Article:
Nan Arthur, the first 2013 presenter in Animal Rescue Friends of Idyllwild’s new speaker series, has spent 20 years analyzing why animals act and respond as they do. She will talk about aggressive dogs at the 2 p.m. Sunday, Jan. 6, event at Mt. Pawlytechnic Canine Education School, 23400 Highway 243, across from the Pine Cove Market.
“Most aggressions always begin in some kind of fear,” Arthur said. “Dogs use whatever tools they have in their tool box, the things that have worked for them in the past,” she noted. “With aggression, it’s about teaching them new tools, new patterns that can also work for them.”
Arthur explained that dogs communicate their fear or discomfort. “But the average person can’t see what the dog is trying to communicate. And they [the pets] become uncomfortable or worried if we, their humans, ignore the behaviors they are trying to communicate.”
Arthur, who had a successful career as a writer and photographer, said owning an Australian Shepherd started her down a career change path. She described doing everything wrong with the highly territorial breed, to the point where she needed more information.
“I started volunteering at animal shelters,” she remembered. “Eventually I was hired and began the education process of learning from others and observing animal behavior.” She remembered being angry with people who were impatient with or just not present enough with their pets to see what they were trying to communicate. “I learned there were other ways to handle not just the pet but the people. Now the people component is my favorite part — helping them to see that their dog is smart, discovering that by watching. It is so fascinating to watch how they [the pets] do what they do and handle their lives. It’s always about the consequence. And sometimes it’s a push for people to learn things they had not known about their animals.”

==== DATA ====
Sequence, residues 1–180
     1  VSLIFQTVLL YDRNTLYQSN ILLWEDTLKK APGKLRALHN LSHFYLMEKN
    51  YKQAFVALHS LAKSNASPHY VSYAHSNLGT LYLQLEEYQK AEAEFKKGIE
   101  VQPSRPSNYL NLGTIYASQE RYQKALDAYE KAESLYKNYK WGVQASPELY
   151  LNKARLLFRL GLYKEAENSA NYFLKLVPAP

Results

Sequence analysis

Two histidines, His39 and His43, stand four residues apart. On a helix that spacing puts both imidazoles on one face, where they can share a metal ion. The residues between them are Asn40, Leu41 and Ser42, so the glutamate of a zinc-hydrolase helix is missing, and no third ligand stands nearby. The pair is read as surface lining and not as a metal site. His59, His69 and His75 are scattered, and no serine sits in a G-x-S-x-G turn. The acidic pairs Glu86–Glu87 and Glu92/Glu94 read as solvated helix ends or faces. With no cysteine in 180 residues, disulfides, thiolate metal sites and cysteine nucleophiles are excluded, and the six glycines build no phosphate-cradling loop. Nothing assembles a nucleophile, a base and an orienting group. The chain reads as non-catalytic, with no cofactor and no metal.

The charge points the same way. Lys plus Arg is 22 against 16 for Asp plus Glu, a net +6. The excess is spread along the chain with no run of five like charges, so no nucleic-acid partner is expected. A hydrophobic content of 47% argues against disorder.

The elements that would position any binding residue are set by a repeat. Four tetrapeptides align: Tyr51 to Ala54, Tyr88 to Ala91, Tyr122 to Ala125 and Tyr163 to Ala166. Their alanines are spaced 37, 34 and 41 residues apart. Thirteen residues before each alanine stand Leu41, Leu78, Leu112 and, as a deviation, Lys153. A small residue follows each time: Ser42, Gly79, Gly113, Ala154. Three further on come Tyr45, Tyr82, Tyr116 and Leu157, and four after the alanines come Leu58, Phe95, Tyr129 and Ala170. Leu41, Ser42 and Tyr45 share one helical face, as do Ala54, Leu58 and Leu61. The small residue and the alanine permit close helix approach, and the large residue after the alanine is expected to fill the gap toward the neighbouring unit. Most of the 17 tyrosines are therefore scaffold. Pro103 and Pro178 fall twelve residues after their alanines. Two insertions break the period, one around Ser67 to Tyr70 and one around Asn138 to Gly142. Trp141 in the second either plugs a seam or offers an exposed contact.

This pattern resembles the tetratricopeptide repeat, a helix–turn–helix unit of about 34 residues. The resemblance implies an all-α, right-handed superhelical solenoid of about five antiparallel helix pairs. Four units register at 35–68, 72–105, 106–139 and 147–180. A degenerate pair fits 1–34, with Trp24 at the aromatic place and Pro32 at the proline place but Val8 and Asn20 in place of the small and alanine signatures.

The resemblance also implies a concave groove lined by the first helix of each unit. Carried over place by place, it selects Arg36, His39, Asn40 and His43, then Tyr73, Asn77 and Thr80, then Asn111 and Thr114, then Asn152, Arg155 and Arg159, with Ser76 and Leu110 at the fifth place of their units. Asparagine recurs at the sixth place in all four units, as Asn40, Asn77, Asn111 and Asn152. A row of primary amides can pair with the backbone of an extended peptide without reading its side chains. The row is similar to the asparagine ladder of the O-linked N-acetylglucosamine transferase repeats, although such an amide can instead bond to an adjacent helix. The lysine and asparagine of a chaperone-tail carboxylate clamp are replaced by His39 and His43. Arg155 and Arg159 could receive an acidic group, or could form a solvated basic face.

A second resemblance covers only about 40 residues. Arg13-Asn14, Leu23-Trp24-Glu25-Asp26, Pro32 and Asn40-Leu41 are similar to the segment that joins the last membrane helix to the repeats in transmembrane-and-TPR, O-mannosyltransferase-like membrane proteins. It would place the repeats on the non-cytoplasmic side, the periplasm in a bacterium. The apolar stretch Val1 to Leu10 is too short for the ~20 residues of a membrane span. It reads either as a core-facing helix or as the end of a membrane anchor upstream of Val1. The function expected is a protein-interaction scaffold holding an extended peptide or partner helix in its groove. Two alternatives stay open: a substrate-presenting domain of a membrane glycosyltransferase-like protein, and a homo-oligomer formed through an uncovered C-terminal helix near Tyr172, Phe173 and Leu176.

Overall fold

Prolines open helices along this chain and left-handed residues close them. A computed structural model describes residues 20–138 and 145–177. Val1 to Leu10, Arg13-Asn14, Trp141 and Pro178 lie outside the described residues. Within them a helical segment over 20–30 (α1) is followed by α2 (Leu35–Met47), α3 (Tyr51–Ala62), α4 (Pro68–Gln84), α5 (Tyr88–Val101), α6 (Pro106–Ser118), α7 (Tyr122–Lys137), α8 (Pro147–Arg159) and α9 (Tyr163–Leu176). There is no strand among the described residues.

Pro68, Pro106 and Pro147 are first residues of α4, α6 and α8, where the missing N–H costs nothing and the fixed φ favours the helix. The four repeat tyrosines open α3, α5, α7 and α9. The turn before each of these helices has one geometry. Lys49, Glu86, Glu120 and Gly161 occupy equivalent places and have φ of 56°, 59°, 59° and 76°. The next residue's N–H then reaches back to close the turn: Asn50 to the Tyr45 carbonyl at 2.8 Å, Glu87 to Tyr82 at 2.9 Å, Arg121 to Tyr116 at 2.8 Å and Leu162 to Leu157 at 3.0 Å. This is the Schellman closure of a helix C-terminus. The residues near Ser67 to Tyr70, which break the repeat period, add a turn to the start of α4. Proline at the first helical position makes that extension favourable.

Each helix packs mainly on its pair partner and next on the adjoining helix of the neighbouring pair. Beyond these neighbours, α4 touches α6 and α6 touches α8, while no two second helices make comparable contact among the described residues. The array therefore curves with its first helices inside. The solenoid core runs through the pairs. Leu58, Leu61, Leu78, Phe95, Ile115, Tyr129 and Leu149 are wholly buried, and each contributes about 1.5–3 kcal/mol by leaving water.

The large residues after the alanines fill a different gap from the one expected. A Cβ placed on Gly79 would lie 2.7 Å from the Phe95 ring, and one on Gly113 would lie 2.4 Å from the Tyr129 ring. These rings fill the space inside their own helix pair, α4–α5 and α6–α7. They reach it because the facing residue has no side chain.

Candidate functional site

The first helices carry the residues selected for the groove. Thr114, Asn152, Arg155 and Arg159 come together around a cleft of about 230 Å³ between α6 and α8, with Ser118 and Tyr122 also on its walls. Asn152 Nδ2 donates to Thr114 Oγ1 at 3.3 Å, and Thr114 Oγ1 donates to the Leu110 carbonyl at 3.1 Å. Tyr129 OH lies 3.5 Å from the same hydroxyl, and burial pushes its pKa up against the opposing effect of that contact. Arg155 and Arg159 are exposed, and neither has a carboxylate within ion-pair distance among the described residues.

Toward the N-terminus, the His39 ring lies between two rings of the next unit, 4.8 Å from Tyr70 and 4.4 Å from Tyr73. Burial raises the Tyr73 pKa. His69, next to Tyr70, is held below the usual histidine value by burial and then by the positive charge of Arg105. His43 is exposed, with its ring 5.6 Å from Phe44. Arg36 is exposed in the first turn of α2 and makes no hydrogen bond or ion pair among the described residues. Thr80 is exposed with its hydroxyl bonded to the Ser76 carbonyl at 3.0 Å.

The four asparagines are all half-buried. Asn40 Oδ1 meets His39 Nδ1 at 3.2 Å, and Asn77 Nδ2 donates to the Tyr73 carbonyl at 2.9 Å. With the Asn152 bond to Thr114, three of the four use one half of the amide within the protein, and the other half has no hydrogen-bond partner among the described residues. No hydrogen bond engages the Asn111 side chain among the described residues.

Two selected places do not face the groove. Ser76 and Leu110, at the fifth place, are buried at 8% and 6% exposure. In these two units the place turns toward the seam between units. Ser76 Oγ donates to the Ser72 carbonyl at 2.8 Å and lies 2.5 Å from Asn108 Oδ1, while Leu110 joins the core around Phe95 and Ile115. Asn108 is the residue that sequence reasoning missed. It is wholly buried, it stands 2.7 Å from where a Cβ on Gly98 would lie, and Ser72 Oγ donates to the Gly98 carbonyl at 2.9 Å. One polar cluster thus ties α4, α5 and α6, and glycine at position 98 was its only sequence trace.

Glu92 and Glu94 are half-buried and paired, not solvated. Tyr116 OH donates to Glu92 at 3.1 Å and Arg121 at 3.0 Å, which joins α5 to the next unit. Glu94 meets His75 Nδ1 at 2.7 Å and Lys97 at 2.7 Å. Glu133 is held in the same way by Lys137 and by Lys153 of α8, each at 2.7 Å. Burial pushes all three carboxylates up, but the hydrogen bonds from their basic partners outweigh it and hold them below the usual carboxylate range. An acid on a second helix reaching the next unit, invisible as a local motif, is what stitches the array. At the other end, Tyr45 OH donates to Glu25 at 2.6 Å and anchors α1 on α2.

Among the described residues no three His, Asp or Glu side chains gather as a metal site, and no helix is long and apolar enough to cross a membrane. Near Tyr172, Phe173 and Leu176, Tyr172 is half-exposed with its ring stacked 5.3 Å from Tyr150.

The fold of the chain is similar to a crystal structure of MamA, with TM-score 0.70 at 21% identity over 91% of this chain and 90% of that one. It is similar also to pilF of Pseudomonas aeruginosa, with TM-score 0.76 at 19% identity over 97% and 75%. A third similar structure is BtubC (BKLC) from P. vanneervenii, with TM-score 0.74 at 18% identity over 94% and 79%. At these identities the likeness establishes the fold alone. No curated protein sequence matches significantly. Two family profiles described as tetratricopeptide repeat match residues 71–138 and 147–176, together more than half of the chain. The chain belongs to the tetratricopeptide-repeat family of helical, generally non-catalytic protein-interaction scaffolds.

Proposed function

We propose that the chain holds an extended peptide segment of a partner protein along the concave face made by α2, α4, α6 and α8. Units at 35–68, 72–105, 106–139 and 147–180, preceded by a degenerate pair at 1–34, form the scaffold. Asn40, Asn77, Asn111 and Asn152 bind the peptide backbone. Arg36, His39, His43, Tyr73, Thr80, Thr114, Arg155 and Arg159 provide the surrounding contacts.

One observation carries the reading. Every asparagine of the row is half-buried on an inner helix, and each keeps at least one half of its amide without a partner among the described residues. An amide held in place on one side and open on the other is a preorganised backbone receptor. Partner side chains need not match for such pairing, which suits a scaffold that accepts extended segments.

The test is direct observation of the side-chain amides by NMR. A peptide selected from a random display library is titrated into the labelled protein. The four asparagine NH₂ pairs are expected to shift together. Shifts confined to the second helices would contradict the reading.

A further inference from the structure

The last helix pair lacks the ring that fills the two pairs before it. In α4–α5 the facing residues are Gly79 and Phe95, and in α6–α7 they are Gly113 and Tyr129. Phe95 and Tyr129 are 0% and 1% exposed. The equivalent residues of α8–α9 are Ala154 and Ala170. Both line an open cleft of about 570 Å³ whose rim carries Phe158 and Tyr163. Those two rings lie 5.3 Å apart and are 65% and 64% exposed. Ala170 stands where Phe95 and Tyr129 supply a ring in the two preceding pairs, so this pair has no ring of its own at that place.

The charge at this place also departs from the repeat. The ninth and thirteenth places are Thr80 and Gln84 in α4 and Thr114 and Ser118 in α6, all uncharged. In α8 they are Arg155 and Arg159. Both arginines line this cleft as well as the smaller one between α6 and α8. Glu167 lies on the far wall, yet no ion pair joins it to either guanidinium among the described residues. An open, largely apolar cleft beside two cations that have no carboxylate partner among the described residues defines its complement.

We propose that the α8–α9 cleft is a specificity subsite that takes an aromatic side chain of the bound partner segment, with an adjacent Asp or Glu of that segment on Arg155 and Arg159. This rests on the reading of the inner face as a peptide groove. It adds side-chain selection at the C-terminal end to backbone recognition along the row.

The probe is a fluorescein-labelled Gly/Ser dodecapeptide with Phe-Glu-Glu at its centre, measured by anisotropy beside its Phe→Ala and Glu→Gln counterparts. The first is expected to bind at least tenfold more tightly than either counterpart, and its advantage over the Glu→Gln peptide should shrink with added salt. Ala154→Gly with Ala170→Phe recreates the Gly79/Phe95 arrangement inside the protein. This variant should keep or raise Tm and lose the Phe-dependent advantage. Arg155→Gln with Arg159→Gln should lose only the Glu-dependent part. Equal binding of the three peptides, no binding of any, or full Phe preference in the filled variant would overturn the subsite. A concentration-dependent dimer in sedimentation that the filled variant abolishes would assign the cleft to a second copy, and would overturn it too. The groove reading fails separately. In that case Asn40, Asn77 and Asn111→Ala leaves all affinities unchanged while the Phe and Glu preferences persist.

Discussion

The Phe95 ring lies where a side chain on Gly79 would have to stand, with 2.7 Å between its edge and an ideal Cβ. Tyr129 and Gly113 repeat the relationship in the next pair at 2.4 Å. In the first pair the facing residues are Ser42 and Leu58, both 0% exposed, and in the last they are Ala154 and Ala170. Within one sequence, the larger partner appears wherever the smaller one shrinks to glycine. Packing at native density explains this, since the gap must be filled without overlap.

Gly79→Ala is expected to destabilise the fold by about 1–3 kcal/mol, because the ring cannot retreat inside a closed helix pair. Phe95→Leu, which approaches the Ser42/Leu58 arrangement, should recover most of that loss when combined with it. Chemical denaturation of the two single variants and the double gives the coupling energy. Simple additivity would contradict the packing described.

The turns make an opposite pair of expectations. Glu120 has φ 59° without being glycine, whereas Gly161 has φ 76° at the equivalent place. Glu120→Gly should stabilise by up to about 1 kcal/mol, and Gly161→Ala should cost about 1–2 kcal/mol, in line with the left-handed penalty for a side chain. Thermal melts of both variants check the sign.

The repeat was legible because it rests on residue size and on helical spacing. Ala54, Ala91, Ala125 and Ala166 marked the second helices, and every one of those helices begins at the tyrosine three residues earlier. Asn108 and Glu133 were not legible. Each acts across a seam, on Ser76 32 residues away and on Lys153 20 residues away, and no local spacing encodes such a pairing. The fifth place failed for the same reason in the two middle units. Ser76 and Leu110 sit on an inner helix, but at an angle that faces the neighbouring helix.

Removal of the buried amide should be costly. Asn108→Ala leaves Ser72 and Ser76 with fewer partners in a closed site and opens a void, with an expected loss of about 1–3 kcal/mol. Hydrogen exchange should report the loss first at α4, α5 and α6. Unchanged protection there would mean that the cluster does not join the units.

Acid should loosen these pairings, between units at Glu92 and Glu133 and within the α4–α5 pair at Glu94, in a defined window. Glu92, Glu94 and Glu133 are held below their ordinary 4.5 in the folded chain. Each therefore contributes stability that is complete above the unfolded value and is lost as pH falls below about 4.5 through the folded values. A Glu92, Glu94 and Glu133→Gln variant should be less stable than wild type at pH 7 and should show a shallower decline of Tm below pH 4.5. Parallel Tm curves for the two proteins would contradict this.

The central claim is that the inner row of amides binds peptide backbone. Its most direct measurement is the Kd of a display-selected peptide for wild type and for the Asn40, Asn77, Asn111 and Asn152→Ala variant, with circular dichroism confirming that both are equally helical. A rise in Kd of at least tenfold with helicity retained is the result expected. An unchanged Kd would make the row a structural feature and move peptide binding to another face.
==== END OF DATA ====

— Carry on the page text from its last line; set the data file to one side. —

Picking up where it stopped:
Arthur explained that by teaching dogs new behaviors that produce a better consequence makes them less agitated and nervous. “They learn new coping mechanisms instead of having their human always come to fix things.”
Training objectives begin with changing the ways the dog is currently managing herself. Then Arthur teaches them other behaviors to instill confidence that they are just as safe as aggressive behavior had made them feel. “The dog becomes so happy not to react,” she said. “The longer negative behavior goes on, the longer it will take to change that behavior.”
Training ultimately helps both the pet and the human feel calmer. “We do a lot of counseling with owners,” Arthur said. “We talk to them about having realistic expectations based on their pet’s histories.
As with humans, Arthur noted that teaching dogs is often about instilling that not all perceived threats are real. The key ingredient, she said, is eye contact with the animal when teaching the new behavior. “Sometimes it’s about giving up something to get something, but the eye contact between pet and owner is an important part of imprinting the learning.”
Arthur owns Whole Dog Training in San Diego and specializes in impulse control, aggression and fear behaviors. She became the first Certified Dog Behavior Consultant in San Diego. She is the author of “Chill Out Fido! How to Calm Your Dog.”